over those who depend upon the other city
Dried Up —The Wells of Rapides.
Personal.— Colonel R. J. Hinton will re
ceive a letter addressed to him by calling at
this office.
Value of Confederate Money.— About
ten thousand dollars in Confederate money,
mixed with other waste paper, was sold yes
terday at four cents a pound.
Map of New Orleans.—L. Graham, of
Graham's Crescent City Directory, has our
thanks for a copy of a map of the city of
New Orleans, which is very valuable for
CoNUNDRUM.-Our witty contributor hands
in the following:
Why is Judge Duplantier like an English
Because he swore in Flanders.
First National Bank.— The circulating
notes of this bank will oe paid in lawful
money, upon presentation at the treasury
of the United States. Persons having
claims against the bank are requested to
present the same, accompanied by the
proper proof, to Charles Case, receiver of
the bank. See the advertisements, in
another fcolumn, of the Controller of the
A Judicious Appointment.— Mr. Baker
yesterday appointed Frederick J. Stokes
assiidant deputy street commissioner for the
tedth ward of the city, to fill a vacancy.
Tbi* to the first appointment of twelve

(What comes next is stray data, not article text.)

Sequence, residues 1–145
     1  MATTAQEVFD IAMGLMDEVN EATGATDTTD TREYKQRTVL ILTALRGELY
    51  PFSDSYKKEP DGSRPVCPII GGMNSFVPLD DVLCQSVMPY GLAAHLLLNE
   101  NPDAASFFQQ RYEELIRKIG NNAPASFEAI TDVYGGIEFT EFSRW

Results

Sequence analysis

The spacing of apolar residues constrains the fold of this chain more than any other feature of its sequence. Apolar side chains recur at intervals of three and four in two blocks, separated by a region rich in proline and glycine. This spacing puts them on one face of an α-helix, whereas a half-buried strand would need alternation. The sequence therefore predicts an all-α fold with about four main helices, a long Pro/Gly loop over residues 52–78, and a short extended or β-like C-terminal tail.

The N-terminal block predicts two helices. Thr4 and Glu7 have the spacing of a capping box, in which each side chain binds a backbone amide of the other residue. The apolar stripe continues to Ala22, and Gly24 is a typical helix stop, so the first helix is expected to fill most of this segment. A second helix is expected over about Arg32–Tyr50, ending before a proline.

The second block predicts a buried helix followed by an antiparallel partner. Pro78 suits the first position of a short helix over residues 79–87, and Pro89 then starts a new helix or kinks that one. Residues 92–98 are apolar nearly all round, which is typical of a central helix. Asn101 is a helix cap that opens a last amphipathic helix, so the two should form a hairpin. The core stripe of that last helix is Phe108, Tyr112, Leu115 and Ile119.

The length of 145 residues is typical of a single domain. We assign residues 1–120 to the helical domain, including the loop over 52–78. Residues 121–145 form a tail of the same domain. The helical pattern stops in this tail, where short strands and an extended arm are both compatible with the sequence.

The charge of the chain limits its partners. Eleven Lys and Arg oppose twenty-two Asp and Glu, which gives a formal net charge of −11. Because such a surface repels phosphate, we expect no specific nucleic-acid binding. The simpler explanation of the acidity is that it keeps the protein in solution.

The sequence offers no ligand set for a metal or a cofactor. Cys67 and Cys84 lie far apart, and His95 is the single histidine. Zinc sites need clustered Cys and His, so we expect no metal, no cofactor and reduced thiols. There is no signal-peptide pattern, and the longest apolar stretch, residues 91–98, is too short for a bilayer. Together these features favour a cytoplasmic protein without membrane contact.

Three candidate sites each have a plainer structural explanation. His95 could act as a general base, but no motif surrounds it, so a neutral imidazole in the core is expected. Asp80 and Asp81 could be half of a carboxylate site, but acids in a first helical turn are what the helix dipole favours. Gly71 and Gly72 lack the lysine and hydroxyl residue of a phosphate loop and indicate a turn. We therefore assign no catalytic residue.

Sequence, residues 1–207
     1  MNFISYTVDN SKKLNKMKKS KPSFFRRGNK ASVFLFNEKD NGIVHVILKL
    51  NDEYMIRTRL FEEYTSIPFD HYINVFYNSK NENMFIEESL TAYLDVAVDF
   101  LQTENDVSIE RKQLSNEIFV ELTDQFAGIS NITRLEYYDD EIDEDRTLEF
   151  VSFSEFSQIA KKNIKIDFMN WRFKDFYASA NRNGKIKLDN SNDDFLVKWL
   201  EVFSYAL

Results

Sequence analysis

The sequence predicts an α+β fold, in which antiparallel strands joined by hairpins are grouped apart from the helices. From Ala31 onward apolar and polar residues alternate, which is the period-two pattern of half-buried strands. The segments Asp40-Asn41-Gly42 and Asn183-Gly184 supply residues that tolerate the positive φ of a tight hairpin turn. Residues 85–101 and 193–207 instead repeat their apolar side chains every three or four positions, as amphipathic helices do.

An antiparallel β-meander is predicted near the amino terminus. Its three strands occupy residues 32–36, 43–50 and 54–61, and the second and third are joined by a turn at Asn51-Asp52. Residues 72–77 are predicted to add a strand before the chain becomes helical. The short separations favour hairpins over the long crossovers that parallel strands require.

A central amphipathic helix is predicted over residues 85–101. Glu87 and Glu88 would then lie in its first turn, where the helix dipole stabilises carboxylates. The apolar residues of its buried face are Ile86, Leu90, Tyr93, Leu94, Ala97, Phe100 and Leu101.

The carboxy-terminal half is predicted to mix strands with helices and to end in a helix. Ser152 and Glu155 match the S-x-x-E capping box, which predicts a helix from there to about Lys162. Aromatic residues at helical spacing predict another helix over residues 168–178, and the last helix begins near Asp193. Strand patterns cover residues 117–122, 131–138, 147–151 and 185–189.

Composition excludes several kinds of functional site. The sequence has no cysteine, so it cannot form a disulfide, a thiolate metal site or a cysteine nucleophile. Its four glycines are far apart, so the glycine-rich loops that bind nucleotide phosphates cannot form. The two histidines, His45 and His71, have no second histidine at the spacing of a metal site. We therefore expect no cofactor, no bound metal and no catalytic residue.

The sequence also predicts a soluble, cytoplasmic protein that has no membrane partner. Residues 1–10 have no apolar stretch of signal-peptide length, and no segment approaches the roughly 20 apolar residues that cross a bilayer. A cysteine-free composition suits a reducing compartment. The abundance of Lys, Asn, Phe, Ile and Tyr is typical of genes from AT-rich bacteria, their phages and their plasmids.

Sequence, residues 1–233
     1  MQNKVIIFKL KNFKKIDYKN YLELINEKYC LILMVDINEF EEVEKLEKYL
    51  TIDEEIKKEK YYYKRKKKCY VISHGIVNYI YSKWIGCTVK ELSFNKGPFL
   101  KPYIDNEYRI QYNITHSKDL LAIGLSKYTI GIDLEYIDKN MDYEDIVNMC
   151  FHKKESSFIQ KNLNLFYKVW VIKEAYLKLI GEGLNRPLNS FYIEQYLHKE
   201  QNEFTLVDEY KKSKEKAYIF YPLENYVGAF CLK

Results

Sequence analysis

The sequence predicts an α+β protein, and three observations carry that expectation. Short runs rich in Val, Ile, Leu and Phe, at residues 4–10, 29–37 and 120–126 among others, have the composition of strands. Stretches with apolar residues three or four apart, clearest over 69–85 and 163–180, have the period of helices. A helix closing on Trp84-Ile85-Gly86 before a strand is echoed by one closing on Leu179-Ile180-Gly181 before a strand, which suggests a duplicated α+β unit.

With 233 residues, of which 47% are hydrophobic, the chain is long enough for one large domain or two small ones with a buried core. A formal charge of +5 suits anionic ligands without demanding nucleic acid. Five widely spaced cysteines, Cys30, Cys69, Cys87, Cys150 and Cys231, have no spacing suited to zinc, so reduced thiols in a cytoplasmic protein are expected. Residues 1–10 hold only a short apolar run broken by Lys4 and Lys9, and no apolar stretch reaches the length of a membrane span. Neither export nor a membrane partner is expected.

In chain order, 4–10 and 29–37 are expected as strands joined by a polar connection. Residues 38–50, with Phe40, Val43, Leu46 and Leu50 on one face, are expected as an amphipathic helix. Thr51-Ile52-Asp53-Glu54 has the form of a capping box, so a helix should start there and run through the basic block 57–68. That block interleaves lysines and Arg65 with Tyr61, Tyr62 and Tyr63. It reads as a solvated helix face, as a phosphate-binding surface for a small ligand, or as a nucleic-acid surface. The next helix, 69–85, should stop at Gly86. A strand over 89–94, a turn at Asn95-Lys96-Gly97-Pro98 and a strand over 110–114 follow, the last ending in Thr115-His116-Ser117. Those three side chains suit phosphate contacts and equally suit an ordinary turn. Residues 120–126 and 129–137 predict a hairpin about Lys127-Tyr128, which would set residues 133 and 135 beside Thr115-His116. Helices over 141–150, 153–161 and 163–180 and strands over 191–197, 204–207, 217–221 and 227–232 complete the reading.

shortly to be made by Mr. Baker. Mr.
Ststak to an energetic asm, and will without
doubt make os good an officer in the munici
pality as he was a soldier in the Union
array. Give ns some more such, Mr.
Baker—a baker's dozes if you will.
In thi Sturt Commissionbr's Office.
A circular issued yesterday from Mr. Baker's
office instructs all assistant deputies to re
i daily at nine o'clock in the
i office of the deputy in their
I of receiving orders,
to visit the streets
f, note
to all matters
The assistant
t«y foremen of gang* that
rorooBiibl® fo
for the falth
t from the gang,
The convention of radical Republicans
now in session at Mechanics' Institute is a
body whose acts cannot fail to interest
every thinking mind in the community. It
may be called the first State convention of
the Republican party in Louisiana; for at
the time of holding that of lf<65 at Economy
Hall there was no organization of the party
extending throughout the State. To this
body, therefore, we may look for a formal
declaration of principles, the platform on
whch the party is to stand during the
coning contest. What that platform will
be there can be little doubt, for there is no
division in sentimept among the Repub